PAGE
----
Every evening young men and women flit through the gardens that surround the white marble dome of Karachi's Jinnah Mausoleum -- and they haven't come to pay their respects.
The tomb of Pakistan's revered founding father Mohammed Ali Jinnah, who led the country to independence in 1947, has become the "in place" for lovebirds to meet once or twice a month.
It is the only spot in this teeming, volatile port city of 12 million people where courting couples can avoid the prying eyes of the police, the mullahs and their families.
"We come here to visit the mausoleum of Quaid-e-Azam (Great Leader) and have a safe and secure date," says Ramzan Jafery, an 18-year labourer at a local textile mill.
His date stands next to him wearing traditional dress and a shy smile.
"Odd things happen when we go on dates at other places. Sometimes the police interrogate us and sometimes people hang around us to the extent of harassment," Jafery says.
"But this place is quite good as we face no police intervention or people gazing at us," adds Shazia, his 30-year-old companion.
The giant mausoleum -- a powerful symbol of the tight bonds between nationalism and religion in this Islamic republic -- spans a terraced 53-hectare park which is landscaped with lawns, flowers, trees and plenty of fountains.
It attracts a huge crowd of families at the weekend but on other days, especially in the humid evenings, couples find an opportunity to sit together among the dense foliage.
Being in the city centre and easily accessible by public transport, it is particularly popular with poorer Karachi residents who can't afford to go to swanky restaurants.
And the police who would elsewhere be busting young lovers are not allowed to enter.
Instead a handful of soldiers stand alert at the centre of the mausoleum where Jinnah has lain since his death in 1948. His sister Fatima Jinnah and Pakistan's first prime minister Liaquat Ali Khan are buried beside him.
Some civilian security guards provide the only real surveillance.
"We slap couples with a fine of up to Rupees 500 ($8.33) if they are caught kissing or engaged in excessive emotional acts," resident engineer and mausoleum chief Abdul Aleem Shaikh said. "And we find such cases almost daily.
But Shaikh said his guards would usually politely admonish such couples, unlike the police at other spots in the city.
It's a rare bonus for increasingly Westernized Pakistani youths, whose often liberal ideas, boosted by foreign movies and satellite TV channels, conflict with traditional and religious values.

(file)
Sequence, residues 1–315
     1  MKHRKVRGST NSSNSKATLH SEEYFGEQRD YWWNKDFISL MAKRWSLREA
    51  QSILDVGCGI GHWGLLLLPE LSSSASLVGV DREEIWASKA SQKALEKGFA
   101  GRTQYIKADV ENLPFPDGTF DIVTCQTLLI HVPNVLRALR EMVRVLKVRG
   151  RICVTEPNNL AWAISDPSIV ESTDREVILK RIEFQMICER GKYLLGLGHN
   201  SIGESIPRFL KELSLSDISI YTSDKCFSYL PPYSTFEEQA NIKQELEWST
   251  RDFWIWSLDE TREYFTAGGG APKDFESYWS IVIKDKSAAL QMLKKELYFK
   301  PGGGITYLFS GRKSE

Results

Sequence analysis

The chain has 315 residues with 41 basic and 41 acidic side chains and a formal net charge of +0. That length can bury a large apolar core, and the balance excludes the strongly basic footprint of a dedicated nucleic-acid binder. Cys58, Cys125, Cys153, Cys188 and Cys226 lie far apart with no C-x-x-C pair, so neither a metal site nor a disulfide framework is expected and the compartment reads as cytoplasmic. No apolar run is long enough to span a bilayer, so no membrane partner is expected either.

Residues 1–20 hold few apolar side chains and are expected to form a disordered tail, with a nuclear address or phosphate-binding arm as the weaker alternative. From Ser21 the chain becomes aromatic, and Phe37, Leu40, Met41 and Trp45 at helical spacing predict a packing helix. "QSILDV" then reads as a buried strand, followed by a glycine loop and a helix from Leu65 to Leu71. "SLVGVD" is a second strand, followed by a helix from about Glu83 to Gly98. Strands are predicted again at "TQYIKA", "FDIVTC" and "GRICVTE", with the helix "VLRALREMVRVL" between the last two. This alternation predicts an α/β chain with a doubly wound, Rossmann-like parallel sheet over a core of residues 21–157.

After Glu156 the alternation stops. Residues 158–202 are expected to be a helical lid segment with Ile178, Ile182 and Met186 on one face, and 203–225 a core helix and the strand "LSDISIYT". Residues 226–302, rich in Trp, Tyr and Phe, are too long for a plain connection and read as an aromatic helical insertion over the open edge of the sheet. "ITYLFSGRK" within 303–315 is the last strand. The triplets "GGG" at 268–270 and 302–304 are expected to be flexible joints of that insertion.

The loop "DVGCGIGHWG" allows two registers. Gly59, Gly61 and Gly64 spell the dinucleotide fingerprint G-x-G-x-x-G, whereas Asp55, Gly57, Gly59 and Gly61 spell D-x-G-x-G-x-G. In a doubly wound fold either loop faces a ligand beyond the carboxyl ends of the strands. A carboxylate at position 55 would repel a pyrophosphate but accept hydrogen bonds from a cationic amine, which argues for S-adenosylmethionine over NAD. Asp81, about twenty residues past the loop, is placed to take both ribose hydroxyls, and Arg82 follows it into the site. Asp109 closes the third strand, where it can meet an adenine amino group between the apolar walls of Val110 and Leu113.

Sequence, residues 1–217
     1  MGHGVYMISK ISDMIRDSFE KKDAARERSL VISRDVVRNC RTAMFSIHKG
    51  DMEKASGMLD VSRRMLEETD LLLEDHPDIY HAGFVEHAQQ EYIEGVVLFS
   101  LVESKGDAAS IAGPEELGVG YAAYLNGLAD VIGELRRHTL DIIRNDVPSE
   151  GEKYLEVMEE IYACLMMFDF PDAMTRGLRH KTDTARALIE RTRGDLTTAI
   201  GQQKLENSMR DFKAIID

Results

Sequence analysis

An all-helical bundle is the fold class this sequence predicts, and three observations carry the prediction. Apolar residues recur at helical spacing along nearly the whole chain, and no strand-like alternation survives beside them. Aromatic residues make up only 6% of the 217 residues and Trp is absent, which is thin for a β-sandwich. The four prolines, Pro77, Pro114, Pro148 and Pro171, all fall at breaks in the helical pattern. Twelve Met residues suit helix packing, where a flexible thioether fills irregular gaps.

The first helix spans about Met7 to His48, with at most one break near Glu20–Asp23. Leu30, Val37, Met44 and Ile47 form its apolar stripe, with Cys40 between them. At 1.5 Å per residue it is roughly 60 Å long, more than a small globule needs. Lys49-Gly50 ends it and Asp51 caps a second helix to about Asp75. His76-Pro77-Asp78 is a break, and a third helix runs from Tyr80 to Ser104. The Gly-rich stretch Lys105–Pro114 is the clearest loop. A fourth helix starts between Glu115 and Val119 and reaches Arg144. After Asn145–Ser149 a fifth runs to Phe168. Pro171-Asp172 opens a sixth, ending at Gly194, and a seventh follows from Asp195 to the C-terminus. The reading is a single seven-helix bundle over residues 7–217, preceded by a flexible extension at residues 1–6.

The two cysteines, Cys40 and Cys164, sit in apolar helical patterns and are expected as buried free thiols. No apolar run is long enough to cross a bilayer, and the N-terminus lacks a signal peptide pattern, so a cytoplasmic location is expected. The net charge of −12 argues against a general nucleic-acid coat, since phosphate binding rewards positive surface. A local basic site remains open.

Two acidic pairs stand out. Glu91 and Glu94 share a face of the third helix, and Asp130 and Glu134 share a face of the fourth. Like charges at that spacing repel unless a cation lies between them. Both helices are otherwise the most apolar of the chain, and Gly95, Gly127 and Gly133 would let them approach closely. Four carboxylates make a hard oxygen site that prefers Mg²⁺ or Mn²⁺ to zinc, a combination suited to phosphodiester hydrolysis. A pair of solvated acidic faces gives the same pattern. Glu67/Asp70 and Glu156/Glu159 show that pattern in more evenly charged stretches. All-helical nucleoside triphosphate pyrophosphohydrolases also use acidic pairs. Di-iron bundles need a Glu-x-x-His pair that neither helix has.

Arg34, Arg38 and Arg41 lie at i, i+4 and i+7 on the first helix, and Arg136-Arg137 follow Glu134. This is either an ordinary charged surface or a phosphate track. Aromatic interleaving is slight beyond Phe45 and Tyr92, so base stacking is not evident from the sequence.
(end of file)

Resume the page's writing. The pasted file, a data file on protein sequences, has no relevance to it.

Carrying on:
Sex and courting outside marriage are strongly disapproved in Pakistan, with most marriages being arranged by people's families and men being more likely to hold hands with each other than with members of the opposite sex.
Yet the couples who date at the mausoleum have annoyed even some liberals.
"It has come to my knowledge that people come to the Quaid's mausoleum for dates. Of course this cannot be approved as it undermines the sanctity of the place," said Razi Hyder, a researcher and director of the Quaid-e-Azam Academy in Karachi.
"But only the police can be blamed for this because they exploit and extort money from such pairs who go to other parks and public places in the city," he said.
The police say it's not their fault.
"It's our standing instructions to patrolling staff and police officials not to disturb or intercept any couple," said Mushtaq Shah, Karachi's deputy inspector general of police.
"But it is not infrequent that our staff violate these orders and catch couples, knowing that it would mean shame for them if it comes to the knowledge of their families," he conceded.
Some of the young lovers are themselves uncomfortable with using the mausoleum for their close encounters, but say they have no choice.
"This is surely not a place for dating," said Naveed Ahmed, a 21-year-old student at a nearby college.
"But it is so because we have to face the police at other places like Safari Park, Hill Park and such other places," he said, referring to the two famous parks in Karachi.
Academics say the mausoleum's new role is part of a wider trend on the Indian subcontinent for people to use national monuments for dating.
"You can see people dating at the Royal Fort in Lahore and at the Taj Mahal and Agra Fort in India," said Fateh Mohammad Burfat, chairman of sociology at Karachi University.
"Dating is against social, cultural and religious norms here. But society is so strangulated that young couples, who are impressed by Western culture, try to breach the restrictions."
The way to create a moderate society is for parents to educate their children to decide on moral issues for themselves without being forced, Burfat added.
"A well-bred person is himself or herself capable of deciding which way of life to adopt."